Housing Equity Withdrawal in Australia: Prevalence, Patterns and Motivations in Mid-to-late Life
MetadataShow full item record
In an era of population ageing, the primary home is increasingly viewed as a personal resource that can perform a pension role in retirement. This article assesses the extent to which Australians aged 45 years and over withdraw housing equity through in situ mortgage equity withdrawal (MEW), downsizing and selling up. We find that the incidence of housing equity withdrawal has increased over the last decade despite a global financial crisis. MEW is the dominant form of equity release among those under pension age, while downsizing or selling up is more frequent among those above pension age. Downsizing and selling up are more likely to be prompted by adverse life events than MEW. Selling up is typically an option of last resort. Our findings offer insights into important debates around homeownership societies and the welfare role performed by owner-occupied housing in mid-to-late life.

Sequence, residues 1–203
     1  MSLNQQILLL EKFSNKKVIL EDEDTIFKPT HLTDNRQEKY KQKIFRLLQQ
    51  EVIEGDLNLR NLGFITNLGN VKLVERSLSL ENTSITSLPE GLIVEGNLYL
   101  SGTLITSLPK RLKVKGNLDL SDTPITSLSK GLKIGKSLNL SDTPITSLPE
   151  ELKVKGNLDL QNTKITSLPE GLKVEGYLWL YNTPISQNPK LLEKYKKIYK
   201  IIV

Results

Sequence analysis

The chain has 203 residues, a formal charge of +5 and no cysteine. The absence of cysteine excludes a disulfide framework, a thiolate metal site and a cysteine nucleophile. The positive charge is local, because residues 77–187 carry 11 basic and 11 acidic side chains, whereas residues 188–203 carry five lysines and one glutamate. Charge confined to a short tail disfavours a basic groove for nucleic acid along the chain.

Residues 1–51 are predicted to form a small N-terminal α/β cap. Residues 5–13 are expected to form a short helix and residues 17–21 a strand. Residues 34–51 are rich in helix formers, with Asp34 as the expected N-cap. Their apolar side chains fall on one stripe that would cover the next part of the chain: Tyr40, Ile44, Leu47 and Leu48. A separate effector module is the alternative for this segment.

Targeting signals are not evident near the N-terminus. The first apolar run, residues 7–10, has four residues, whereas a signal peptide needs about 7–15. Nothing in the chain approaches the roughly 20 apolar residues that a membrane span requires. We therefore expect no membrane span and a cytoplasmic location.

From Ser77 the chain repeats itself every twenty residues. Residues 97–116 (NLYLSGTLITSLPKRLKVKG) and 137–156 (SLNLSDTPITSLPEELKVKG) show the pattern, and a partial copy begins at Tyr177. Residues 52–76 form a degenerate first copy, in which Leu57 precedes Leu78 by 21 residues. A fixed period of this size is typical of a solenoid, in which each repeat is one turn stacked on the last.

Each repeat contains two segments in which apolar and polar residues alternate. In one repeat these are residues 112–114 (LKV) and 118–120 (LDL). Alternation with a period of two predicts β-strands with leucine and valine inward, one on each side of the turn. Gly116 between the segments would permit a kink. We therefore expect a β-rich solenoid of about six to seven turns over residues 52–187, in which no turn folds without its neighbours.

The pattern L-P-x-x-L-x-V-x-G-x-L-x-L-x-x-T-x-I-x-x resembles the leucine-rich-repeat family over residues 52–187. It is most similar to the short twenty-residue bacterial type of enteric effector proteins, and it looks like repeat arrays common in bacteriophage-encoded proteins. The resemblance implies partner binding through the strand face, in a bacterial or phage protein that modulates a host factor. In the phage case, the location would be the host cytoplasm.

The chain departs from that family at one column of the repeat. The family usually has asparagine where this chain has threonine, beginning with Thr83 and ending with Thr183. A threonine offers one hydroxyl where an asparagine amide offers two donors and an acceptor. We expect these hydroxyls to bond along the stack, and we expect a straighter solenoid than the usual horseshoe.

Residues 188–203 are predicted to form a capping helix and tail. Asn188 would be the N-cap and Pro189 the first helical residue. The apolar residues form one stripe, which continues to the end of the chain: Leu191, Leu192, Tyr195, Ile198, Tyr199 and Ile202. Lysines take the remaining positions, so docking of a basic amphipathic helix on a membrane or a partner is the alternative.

Showing items related by title, author, creator and subject.
Ong, Rachel; Jefferson, Therese; Wood, G.; Haffner, M.; Austen, Siobhan (2013)This project uncovers the uses, risks of and barriers to housing equity withdrawal (HEW) by older home owners aged 45 years and over via three alternative mechanisms: in situ mortgage equity withdrawal (MEW), downsizing ...
Housing Equity Withdrawal: Perceptions of Obstacles among Older Australian Home Owners and associated Service ProvidersJefferson, Therese; Austen, Siobhan; Ong, Rachel; Haffner, M.; Wood, Gavin (2017)Housing wealth dominates the asset portfolios of the older population in Australia and many other countries. Given the anticipated spike in fiscal costs associated with population ageing, there is growing policy interest ...
Ong, Rachel; Parkinson, S.; Searle, B.; Smith, S.; Wood, G. (2013)This paper uses micro-data from two national panel surveys to analyze the flow of wealth from residential property onto households’ balance sheets, where it is available for discretionary spending. The examples are Australia ...